ScreenPicks recently interviewed Jaron Albertin the director and (along with Charlotte Colbert and Edna Walsh) writer of the new film Weightless.  The film is a meditative study of a father (Alessandro Nivola) who, when informed by a sister-in-law that his former wife has disappeared, must take custody of a 10-year old obese son he barely knows. Both the father and son (Eli Haley) are reticent and are dealing with psychological issues.

Weightless is Albertin’s first feature film. He also has a career making music promos and commercials. Weightless opens November 9 in Los Angeles and New York

What were the origins of the story of Weightless and what themes is the film exploring?

Albertin: I had an idea that I wanted to tell a story where a father was living inside the belly of his child. Like a fetus, this father lived inside his obese kid. It was a metaphor for hereditary trauma, which is where trauma or extreme trauma can be inherited. In psychology, it is a phenomenon where traumatic experiences can be passed down from one generation to the next.  So this boy “physically’  harbored the past trauma from his father. To me this idea intrigued me, how pain and suffering can be passed on, repeated – it’s cyclical. The themes of connection and isolation were big for me.

I thought that the cinematography by Darren Lew was particularly effective. What was it like to work with him? Was there a specific tone and atmosphere that you wanted to create for the film to which he contributed?

Albertin: I had worked with Darren Lew before and I was so excited when he decided to come on board and do the film. We managed to work it into the budget so we went for it and shot on 35 2perf. He is great friends with my producer Erin While. Those relationships are important – especially on a project as small and challenging as this.  We shot in 18 days, so finding the right visual style took a lot of sacrifices. The challenge for me was straddling the balance between narrative and something more impressionistic. My mind always takes me towards the impressionistic – some people enjoy the abstract, others don’t.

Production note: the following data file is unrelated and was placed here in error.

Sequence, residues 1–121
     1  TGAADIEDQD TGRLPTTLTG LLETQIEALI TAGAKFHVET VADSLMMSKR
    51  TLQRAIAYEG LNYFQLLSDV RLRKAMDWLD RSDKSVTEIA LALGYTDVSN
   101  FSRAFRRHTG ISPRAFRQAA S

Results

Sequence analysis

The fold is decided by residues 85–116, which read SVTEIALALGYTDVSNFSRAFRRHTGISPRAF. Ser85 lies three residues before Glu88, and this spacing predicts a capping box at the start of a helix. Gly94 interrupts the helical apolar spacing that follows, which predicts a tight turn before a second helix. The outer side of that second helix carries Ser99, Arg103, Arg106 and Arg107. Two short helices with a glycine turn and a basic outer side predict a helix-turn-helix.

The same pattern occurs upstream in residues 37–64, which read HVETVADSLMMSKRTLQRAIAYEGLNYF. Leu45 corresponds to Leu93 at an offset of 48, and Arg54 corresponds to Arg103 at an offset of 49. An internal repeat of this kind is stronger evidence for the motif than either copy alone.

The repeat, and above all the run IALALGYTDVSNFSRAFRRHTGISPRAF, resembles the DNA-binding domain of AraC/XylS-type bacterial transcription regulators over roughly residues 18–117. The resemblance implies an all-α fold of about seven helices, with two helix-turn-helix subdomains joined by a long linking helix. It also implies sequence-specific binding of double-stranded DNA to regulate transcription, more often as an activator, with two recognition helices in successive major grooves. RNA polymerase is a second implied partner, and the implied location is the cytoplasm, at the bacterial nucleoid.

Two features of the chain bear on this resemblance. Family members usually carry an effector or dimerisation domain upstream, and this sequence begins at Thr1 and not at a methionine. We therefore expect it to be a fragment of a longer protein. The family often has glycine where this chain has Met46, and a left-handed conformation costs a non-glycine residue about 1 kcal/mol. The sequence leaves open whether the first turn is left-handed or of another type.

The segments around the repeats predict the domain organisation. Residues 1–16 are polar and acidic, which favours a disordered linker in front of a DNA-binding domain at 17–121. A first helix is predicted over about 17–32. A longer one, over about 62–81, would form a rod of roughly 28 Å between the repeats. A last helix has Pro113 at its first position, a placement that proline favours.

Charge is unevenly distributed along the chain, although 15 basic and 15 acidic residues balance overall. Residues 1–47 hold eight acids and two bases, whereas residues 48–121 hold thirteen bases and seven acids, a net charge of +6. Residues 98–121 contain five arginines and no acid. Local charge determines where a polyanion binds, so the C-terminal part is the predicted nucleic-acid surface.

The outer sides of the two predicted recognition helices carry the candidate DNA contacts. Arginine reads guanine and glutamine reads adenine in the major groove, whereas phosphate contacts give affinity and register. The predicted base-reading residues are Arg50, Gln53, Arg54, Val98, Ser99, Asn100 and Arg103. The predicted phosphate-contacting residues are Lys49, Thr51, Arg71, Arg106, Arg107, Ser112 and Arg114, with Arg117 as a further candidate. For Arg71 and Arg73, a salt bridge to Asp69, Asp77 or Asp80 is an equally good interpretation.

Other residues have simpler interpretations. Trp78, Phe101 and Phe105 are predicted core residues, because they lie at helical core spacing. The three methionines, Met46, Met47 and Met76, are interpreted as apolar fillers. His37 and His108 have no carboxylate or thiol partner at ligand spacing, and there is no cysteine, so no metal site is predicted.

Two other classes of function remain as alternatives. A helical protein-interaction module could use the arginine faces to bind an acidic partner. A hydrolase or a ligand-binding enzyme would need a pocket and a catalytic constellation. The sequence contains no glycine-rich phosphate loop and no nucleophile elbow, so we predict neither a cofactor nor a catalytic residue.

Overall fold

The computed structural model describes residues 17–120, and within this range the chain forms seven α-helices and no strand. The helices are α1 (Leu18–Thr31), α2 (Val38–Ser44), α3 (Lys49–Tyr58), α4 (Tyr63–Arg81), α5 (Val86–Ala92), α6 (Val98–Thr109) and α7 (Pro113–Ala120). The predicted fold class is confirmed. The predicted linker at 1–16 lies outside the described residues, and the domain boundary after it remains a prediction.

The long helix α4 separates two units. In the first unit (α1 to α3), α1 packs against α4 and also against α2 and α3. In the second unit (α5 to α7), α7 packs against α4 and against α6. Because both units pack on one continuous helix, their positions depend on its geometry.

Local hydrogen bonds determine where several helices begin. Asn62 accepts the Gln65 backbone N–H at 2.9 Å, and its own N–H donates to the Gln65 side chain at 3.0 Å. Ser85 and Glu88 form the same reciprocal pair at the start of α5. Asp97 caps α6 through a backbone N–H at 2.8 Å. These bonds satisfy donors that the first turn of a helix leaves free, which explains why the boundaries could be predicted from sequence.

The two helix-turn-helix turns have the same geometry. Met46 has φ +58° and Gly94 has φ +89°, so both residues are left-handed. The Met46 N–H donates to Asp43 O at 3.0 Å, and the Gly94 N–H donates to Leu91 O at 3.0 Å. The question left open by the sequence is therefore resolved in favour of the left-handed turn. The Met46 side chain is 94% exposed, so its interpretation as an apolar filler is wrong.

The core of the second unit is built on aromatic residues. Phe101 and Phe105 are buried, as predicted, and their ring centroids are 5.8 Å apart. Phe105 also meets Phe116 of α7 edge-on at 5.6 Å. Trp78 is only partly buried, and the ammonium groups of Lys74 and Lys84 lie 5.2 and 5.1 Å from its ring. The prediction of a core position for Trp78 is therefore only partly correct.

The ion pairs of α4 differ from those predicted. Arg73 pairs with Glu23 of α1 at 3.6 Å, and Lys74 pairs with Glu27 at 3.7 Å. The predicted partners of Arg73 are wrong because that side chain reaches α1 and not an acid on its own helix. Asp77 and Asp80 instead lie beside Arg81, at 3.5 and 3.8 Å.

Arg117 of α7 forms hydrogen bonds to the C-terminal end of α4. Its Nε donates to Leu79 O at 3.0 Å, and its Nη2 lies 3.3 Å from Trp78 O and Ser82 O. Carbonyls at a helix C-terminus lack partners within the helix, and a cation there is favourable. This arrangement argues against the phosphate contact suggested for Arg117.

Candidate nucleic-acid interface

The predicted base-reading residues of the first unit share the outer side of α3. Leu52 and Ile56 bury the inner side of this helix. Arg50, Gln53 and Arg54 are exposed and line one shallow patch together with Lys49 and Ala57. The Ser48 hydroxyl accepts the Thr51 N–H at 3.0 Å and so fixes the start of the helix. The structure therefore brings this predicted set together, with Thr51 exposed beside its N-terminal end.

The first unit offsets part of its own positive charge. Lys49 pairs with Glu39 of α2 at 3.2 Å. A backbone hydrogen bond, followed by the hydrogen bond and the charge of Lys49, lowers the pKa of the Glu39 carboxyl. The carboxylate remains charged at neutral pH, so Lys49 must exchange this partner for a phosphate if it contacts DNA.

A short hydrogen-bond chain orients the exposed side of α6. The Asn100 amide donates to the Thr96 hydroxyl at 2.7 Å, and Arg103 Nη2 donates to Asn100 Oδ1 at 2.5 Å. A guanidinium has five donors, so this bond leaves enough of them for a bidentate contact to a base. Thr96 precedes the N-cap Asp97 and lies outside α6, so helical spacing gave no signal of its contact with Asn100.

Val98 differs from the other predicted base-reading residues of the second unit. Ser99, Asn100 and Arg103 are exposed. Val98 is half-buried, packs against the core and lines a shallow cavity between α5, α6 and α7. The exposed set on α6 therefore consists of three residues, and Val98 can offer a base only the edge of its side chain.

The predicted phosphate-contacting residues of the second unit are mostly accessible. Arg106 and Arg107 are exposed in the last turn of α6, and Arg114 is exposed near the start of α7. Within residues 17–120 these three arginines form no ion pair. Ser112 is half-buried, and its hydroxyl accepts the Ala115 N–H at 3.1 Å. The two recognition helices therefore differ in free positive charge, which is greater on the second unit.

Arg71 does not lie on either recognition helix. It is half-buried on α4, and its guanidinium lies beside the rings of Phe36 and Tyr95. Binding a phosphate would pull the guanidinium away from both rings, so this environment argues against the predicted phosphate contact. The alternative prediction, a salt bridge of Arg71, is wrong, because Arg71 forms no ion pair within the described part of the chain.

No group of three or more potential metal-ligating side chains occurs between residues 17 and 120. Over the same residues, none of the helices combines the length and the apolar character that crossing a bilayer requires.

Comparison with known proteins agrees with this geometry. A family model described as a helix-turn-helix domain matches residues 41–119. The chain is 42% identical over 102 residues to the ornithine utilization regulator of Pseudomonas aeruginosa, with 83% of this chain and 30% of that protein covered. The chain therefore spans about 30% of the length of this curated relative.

Are there any filmmakers that you particularly admire?  Have they influenced your work?  

Albertin: There are always so many influences,  but during the making of this film there were a few which stood out. I was heavily influenced by the process of Carlos Reygadas, and the way he writes and approaches film is very inspiring. My purpose was to write something small and just go do it, then things evolved. The films of Bruno Dumont, Verity, Hirokazu Kore-eda’s Nobody Knows, and The Seventh Continent by Michael Haneke were big for me and this film.   

What advice would you have to give to those trying to pursue careers as writers and directors in the film industry? What was your first break in the business? 

Albertin: My advice, and I always say this, is to just make things. Don’t worry about how good it’s going to be or what other people think, just do it. That’s the only way to learn and get better. Your first stuff is always going to be imperfect and pretentious. Don’t worry about it. 

My first break was working as an editor. I was cutting a music video for a friend out of my apartment, and the band ended up becoming really big in Canada. This was before YouTube and at the time videos were still only shown on TV.  So all of a sudden I was an editor and could work cutting videos – I owe my start to that. But the one thing I have to say about becoming a director is that I decided early that I wasn’t going to work for anyone but myself.  I never joined a post house or had a 9 to 5 job. It was hard, as I could barely afford rent for many years, but it gave me the time to work on my own projects. You have to go all in.

Is there anything, in general, you would like to tell audiences about Weightless?

Albertin: To me, this film is a harmonious perspective on violent and depressed realities alongside the magic of nature.

Would you like to share with us what your future projects are?

Albertin: I have a handful of projects spinning around, but I’d love to make a Sci-fi film. I want to push the boat out into the void of iridescent acid melting giant jellyfish. If the stars align one could be emerging very soon.